Isometric diagram by historian and illustrator Peter Connolly of the so-called "Corbridge Hoard" of armor and other artifacts uncovered in 1964 on the site of the Roman supply base of Corstopitum, along Hadrian's Wall, near Corbridge in Northumberland, England.  As is shown, the "Hoard" was found packed in a buried wooden trunk.  There were sufficient sections of lorica-armor to allow armorer-historian H.R. Robinson to reconstruct three variants (types A, B, C) of lorica segmentata body armor.  This important find was largely responsible for the now accepted design and understanding of how this Roman Army body armor was constructed and used.  

The first examples of some incomplete Roman "segmentata" body armor were excavated in 1899 in a deposit at Carnuntum Waffenmagazin (army magazine or storage depot) in Bad Deutsch Altenburg, Austria.  A breastplate segment was later found (1936) at the site of the Bank of England in London and a major find of upper and lower armor sections was uncovered at Risstissen in Germany.  But, it was the discovery of the "Hoard" at Corbridge that finally yielded a much more complete understanding of how the Roman segmented lorica body armor was assembled, worn and maintained.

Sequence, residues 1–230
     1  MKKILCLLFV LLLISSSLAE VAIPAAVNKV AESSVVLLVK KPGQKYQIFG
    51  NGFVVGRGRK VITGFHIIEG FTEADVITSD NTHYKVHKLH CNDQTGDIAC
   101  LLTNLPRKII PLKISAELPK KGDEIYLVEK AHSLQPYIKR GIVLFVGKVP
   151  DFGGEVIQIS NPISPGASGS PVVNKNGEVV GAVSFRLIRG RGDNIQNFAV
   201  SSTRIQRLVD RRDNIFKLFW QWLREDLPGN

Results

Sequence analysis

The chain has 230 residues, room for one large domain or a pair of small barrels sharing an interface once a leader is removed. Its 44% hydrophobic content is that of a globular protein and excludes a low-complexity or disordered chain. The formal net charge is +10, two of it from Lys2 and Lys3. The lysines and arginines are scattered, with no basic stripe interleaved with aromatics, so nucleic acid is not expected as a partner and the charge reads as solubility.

Relics of Corbridge Type A lorica armor (shoulder portions above and torso lames below) from the Corbridge Hoard on display in the Vindolanda Roman Army Museum near Haltwhistle,  just south of the central portion of Hadrian's Wall.  The placard reads in part:  "Portions of one of the sets of body armour (lorica segmentata) from the Corbridge Hoard.  The Hoard in fact contained armour of three different designs, two of which are more or less complete.  This example, Type A, is a slightly more elaborate version..."  "the Type B lorica can be seen in the Museum of the Department of Antiquities, Newcastle University."  "It is generally assumed that the lorica segmentata was worn only by legionary soldiers.  Finds of this type of armour from forts known to have held cavalry garrisons - including of course, Corbridge - suggest that this type of armour may also have been worn by cavalry".  


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